You may have heard people describe certain words or spellings as ‘American English’. But how does American English differ from the English we speak in the UK? And what do you need to know to avoid errors in your writing?
What Is American English?
American English is the English (or set of dialects) used in the United States. It differs from other forms of English in various ways, especially in terms of pronunciation, spelling and vocabulary. It is also known as US English, or abbreviated to AmE, AmEng, or en-US.
This dialect is specific to the US, not North America in general. Canadian English, for instance, is nearer to British English in some ways. However, American English is often used internationally due to the influence of the US. As such, Americanisms are common in other English dialects.
Key Differences Between British and American English
So, then, how are British and US English different? As we’re all about writing at Proofed, we’ll ignore pronunciation for now. That leaves us with spelling, vocabulary, grammar and punctuation:
- Spelling – British and American English differ in the spelling of many words. Some of these follow patterns (e.g. words like humour and colour become humor and color in US English). Others are unique to specific words (e.g. the British aluminium and the American aluminum).
- Vocabulary – As well as using different spellings, American English uses completely different words in some cases. The punctuation mark we know as a ‘full stop’, for instance, is known as a ‘period’ in America.
- Grammar – There are not as many grammatical differences between British and American English as there are in spelling and vocabulary, but there are a few. For instance, American English uses ‘gotten’ as the past participle form of the verb ‘get’ (e.g. I have gotten good at spelling). Outside the US, the standard past participle of ‘get’ is ‘got’.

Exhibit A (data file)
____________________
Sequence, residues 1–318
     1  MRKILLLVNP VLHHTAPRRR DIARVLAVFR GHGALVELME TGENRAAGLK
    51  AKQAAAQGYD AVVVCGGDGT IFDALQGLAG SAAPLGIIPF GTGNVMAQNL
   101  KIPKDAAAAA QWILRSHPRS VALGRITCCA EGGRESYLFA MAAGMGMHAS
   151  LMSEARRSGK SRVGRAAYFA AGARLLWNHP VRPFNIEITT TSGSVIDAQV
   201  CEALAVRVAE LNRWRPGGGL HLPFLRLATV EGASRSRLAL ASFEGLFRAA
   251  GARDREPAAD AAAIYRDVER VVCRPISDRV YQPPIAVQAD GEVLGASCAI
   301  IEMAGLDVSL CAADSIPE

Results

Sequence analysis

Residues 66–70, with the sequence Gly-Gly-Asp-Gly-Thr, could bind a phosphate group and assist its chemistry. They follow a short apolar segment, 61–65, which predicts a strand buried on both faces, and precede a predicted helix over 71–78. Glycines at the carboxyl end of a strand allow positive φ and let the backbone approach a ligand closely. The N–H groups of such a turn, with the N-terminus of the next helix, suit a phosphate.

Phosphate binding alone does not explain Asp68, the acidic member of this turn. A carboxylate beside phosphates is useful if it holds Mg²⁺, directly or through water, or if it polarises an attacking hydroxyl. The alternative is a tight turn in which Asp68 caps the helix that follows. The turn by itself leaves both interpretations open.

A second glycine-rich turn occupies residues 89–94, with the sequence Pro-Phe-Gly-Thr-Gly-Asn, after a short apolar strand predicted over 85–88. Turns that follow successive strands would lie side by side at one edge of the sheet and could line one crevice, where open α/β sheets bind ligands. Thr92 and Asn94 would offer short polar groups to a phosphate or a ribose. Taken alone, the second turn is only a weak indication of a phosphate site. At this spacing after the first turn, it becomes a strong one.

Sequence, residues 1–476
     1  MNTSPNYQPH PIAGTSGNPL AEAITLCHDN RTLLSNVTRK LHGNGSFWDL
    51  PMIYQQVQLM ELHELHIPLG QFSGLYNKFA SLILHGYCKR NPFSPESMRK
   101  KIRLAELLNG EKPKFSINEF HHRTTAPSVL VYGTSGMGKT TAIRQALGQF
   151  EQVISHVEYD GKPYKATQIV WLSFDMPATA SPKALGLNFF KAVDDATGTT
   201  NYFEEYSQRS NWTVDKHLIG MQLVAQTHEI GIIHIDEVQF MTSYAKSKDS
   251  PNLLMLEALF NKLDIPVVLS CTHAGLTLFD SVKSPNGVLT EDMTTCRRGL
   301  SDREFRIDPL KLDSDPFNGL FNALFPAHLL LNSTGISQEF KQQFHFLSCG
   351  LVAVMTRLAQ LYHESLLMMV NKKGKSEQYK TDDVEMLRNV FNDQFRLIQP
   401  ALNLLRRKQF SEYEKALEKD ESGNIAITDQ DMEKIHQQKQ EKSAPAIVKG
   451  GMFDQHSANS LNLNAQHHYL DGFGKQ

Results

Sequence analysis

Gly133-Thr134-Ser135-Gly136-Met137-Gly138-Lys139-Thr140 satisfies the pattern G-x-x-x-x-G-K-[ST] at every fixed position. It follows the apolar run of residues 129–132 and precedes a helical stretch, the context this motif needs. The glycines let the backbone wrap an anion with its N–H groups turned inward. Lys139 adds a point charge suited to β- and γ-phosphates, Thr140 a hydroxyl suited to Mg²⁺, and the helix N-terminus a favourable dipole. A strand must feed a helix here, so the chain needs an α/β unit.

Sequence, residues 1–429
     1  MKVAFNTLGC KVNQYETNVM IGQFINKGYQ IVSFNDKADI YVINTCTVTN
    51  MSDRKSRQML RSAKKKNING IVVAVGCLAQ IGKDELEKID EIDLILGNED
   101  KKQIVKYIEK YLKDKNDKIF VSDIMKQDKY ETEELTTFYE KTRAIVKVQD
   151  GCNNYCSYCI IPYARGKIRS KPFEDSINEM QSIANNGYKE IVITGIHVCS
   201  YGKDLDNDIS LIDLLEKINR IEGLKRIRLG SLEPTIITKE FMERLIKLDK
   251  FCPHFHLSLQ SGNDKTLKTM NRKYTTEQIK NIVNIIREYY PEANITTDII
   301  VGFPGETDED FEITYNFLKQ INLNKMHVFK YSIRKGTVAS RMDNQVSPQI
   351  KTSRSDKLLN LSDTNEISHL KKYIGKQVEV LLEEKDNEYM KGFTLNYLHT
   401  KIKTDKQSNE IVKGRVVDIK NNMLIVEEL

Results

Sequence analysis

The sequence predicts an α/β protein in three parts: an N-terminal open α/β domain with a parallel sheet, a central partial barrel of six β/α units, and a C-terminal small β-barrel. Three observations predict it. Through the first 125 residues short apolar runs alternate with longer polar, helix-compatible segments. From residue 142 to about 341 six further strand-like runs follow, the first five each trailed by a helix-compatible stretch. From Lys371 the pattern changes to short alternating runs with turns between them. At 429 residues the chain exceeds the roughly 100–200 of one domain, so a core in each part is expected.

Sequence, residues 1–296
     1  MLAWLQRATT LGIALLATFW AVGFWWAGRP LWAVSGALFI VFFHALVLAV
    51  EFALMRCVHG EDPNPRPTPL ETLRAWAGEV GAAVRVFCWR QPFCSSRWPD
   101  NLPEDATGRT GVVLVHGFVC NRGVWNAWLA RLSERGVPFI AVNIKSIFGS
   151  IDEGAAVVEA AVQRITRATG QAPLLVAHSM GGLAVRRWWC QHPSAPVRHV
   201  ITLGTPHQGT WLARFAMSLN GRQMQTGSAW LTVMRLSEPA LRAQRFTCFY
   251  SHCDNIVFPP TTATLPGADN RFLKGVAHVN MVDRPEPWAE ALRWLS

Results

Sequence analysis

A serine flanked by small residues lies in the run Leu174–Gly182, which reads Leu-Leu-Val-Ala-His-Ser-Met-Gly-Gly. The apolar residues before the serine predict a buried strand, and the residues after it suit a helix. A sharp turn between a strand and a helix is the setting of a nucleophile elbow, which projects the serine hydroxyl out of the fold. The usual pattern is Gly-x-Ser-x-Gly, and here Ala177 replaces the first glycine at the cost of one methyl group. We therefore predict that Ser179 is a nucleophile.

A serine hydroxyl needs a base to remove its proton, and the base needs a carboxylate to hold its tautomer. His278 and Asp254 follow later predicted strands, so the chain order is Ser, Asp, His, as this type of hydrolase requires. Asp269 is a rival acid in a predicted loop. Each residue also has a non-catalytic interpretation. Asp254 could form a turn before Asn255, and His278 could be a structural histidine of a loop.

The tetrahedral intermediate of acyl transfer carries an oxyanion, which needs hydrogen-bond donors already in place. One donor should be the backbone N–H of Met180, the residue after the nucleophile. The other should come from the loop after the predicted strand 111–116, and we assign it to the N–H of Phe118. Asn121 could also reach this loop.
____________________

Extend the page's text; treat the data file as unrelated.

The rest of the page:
- Punctuation – There are also minor differences between British and American punctuation. For instance, American English favours “double quote marks” for quotations, compared to the ‘single quote marks’ typically used in British English.
Keep an eye out for these kinds of differences if you’re using American English in your writing.
Do These Differences Matter?
Good question! Unfortunately, there isn’t a simple answer. Some of the differences between British and American English are quite strict (e.g. the spelling of colour/color). But others may be more a matter of preference (e.g. the use of ‘single’ or “double” quotation marks).
However, we do have some general tips for dealing with dialect differences:
- If you have a style guide (e.g. from a university or publisher), always check if it specifies a regional English dialect or any dialect-specific spellings.
- Always use the dialect your readers know best.
- Aim for consistency and use one dialect throughout the document.
- Set Microsoft Word to use American English spellings by going to Review > Language > Set Proofing Language on the ribbon and selecting ‘English (United States)’ from the list of languages.
- Get your work proofread by someone who knows US English. They will be more likely to spot errors that you have missed.
Ultimately, the best way to avoid mistakes when using US English is to learn more about the dialect. So check out our other blog posts for more information on American English.